A longish day to cover the 600 km to La Rioja. The lush vineyards of Mendoza were left behind and replaced by huge flood plains covered with thick scrubby salt bush – another reminder that Argentina and Australia share the challenge of having such vast areas of non-arable land. A trouble-free run for everyone with the towering rock formations of the Talampaya National Park being the only highlight. A relaxing beer at the tables fronting the town plaza was a good way to end the day although there was a bit of competition from the local motorcyclists doing endless laps around the plaza. All good fun.
Leaving La Rioja the next morning our GPS took us on Route 75, a narrow winding road through the best part of town with beautiful houses and gardens behind big fences gradually replaced by lush green vegetation before we were out of the gorge and back in on the hot, dry plains.
A little further along there was a less successful Garmin moment leaving Santa Maria. As usual there were no directions to the next towns and we worked out that the GPS wanted to take us on the old Route 40 to the west rather than the new high level road. In the confusion of one-way streets and against the advice of helpful locals, Ross decided his back-up GPS loaded with an alternative set of maps had it all sorted and headed bravely into a wet and wide river crossing which quickly turned to thick mud. Woops… Pete wasn’t going to turn down a challenge and called for everyone to get their tow-ropes out to span the 30 metres back to dry land. With a bit of shoving and pushing and a minimum of burning clutch smells, Blue B was released from the quagmire. Having come that far the collective decision was to continue on the old road which turned out to be far more interesting although a bit slower and rougher with many more water crossings. The road wound through a series of run-down villages with mud brick houses right on the edge of the road. Some probably dated back to the time when Route 40 was the main north south route through the western part of Argentina.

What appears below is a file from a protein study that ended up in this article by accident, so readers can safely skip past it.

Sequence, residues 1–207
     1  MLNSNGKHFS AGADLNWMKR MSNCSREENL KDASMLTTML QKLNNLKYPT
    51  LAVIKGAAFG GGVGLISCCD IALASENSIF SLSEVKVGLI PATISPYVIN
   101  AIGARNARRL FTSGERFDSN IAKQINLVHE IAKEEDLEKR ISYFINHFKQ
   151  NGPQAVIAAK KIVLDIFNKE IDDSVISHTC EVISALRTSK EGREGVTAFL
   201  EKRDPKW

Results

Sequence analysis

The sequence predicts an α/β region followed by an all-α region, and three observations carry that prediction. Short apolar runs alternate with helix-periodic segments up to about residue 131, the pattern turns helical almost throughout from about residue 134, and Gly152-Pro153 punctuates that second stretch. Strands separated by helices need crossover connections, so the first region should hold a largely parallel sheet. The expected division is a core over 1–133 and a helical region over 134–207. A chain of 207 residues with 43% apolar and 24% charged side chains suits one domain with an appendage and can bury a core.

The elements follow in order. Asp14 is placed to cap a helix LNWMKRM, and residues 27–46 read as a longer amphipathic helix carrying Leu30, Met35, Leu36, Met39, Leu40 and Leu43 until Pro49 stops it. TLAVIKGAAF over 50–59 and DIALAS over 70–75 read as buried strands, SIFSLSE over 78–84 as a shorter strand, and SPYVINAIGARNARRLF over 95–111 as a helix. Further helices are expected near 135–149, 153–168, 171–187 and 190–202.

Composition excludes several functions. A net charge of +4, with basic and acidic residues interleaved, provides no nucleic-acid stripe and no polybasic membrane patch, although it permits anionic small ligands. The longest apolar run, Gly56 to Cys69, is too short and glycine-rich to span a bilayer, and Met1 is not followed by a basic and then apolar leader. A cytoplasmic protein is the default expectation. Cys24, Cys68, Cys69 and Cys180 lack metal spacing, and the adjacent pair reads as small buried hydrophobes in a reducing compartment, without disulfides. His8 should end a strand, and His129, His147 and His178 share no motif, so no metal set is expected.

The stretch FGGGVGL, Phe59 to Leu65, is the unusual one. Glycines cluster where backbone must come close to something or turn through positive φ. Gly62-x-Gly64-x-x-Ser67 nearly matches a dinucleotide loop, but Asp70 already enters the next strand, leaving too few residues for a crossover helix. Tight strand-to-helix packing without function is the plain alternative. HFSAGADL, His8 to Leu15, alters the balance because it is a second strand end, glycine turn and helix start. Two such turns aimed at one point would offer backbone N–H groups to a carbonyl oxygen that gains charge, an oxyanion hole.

Today’s highlight was the remains of Quilmes, a pre-Incan settlement dating back to 1000 AD. Covering around 30 Ha and nestled into the side of the mountain range it was restored in 2008 as an intricate series of dry-stone walls and steep paths leading to lookout posts above the settlement. Its inhabitants survived contact with Incas from 1480 onward but couldn’t survive the Spanish who set siege to the community. In 1667 the remaining 2000 people were deported to Buenos Aires.
Our stopover this evening is at a wine resort “Vinas de Cafayate” on at the base of San Isidro Hill on the edge of town and surrounded by vineyards. Another tough evening..